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1864: George Nelson, Indiana Jones rapist

September 12th, 2013 Meaghan

(Thanks to Meaghan Good of the Charley Project for the guest post. -ed.)

On this day in 1864, Private George Nelson of Company F of the 13th United States Colored Troops was hanged for rape in Nashville, Tennessee.

He committed his crime on November 13, 1863. Nelson and two other men were on Nashville Pike outside of the town of Dickson when they encountered an unmarried white woman named, no lie, Indiana Jones.

They asked her where she lived and she said her house was about a mile away. The men claimed they’d been fighting with some rebels near her house and said she must go with them.

Miss Jones refused, and Nelson threatened to shoot her if she did not comply. She went with him for about 250 yards, begging him to release her. Private Nelson put a bayonet to her side and told her to come into the woods with him or he would run her through. Miss Jones started crying then, and he threatened to strangle her with a rope if she did not shut up. They went into the woods together while the other two men held the horse.

As Miss Jones later testified, “I again begged of him to let me go, when he cocked his gun and said if I did not be still he would blow my brains out. He then took hold of me, threw me down, and committed a rape on my person.”

When he was done he robbed her of $1.50, but the other soldiers made him give the money back. Then they let her go.

George Nelson’s accomplices were tried separately, and on cross-examination the victim was asked, “Did you use your utmost endeavors to prevent him from executing his desires, or did you simply cry out, thus yielding a tacit consent?”

As if she could have done anything else with a gun trained on her!

The three defendants were all court-martialed. President Lincoln approved the death sentence for Nelson in August 1864 and he hanged the following month. His partners-in-crime got twelve and ten years in prison respectively.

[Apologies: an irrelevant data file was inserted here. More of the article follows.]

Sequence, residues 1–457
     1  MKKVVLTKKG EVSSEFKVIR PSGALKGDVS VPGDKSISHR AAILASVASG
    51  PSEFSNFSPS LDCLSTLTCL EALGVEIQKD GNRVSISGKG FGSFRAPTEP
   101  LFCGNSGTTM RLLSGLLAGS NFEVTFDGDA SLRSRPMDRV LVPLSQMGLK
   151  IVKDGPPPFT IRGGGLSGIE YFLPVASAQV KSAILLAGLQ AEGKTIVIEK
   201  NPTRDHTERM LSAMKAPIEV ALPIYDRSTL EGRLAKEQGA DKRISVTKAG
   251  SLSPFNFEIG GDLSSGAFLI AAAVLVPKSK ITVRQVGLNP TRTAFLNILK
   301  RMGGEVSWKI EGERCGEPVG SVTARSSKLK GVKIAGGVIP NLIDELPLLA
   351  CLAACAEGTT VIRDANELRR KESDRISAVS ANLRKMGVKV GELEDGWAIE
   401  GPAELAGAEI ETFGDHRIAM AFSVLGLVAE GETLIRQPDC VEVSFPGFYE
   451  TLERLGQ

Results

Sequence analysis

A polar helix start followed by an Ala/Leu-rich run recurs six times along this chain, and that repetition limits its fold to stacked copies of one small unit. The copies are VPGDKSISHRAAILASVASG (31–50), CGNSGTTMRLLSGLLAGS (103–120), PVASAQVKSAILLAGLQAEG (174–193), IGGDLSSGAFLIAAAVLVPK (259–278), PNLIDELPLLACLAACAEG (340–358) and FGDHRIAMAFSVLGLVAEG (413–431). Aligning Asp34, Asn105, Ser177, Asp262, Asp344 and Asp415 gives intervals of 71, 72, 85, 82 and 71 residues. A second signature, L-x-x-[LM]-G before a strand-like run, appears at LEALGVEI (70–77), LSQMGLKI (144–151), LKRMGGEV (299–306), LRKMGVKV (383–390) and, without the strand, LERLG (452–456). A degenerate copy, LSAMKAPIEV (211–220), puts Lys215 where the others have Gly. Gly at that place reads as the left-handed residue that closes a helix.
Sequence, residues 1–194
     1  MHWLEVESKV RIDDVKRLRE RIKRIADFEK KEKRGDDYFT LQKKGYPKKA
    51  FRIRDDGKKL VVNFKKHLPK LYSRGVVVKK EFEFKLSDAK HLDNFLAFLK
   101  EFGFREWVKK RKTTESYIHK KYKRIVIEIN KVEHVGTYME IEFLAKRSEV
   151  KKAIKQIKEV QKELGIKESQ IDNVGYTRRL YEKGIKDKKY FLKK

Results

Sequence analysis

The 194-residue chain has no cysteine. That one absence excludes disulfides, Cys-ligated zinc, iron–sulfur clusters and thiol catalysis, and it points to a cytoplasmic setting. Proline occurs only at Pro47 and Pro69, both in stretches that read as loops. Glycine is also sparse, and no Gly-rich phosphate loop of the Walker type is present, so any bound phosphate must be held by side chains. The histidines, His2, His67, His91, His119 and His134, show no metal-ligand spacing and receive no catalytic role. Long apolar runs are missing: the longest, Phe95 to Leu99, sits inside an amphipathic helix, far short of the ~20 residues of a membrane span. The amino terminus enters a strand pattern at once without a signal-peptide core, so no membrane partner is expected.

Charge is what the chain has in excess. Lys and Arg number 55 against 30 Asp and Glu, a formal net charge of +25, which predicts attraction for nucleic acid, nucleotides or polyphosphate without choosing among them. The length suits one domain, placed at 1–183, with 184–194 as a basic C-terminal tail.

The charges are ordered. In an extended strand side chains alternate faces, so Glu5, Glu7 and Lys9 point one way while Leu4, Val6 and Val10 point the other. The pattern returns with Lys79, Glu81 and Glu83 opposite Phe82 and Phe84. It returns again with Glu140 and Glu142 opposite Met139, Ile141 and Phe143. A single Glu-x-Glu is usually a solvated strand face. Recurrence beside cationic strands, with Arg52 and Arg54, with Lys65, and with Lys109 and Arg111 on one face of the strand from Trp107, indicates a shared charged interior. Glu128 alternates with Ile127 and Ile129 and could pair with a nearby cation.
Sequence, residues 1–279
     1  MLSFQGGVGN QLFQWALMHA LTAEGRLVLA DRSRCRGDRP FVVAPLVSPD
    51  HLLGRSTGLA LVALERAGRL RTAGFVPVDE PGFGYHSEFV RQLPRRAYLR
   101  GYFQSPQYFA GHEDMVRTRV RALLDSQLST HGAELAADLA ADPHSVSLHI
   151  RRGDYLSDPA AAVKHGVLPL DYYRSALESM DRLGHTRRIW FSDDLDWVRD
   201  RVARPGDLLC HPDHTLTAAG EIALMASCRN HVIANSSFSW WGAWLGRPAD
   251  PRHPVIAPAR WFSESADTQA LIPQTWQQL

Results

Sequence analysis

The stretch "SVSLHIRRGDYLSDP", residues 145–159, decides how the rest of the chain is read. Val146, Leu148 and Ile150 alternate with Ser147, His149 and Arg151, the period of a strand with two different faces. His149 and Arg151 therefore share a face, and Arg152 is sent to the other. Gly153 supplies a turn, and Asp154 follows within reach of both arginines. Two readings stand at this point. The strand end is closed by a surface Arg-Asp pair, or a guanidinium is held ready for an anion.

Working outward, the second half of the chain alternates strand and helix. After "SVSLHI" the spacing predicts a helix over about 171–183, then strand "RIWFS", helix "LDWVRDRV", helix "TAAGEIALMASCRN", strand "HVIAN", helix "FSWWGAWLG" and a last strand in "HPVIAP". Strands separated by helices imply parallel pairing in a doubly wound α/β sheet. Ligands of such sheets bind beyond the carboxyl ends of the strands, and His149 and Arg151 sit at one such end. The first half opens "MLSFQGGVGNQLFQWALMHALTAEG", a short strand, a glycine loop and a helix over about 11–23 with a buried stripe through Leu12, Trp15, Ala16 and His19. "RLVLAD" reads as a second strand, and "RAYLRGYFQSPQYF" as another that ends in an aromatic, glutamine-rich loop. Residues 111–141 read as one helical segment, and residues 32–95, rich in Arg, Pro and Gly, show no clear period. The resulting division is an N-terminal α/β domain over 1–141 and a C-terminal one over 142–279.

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Entry Filed under: 19th Century,Capital Punishment,Common Criminals,Crime,Death Penalty,Execution,Guest Writers,Hanged,History,Other Voices,Public Executions,Rape,Sex,Soldiers,Tennessee,U.S. Military,USA,Wartime Executions

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2 Responses to “1864: George Nelson, Indiana Jones rapist”

  1. 1
    visitor Says:

    George Nelson’s accomplices were tried separately, and on cross-examination the victim was asked, “Did you use your utmost endeavors to prevent him from executing his desires, or did you simply cry out, thus yielding a tacit consent?”

    Is this question asked to a storeowner having been robbed? Because in both cases they “could have done anything else with a gun trained on [them]“.

  2. 2
    Meaghan Says:

    Of course not; nobody blames you if you got mugged or if your business is robbed and you surrender your cash at the point of a gun.

    But rape victims are expected to fight their attacker, to the death if possible, and sustain terrible injuries. If they don’t, far too many people will decide the sex must have been consensual.

    I was raped by a stranger once. Years later, I saw a doctor, and I told him about the rape and said something like “He said he had a knife and he would kill me if I didn’t do what he told me to do. I was so afraid that I decided to do what he wanted.” And the doctor asked (and I quote), “So, then, he didn’t rape you?”

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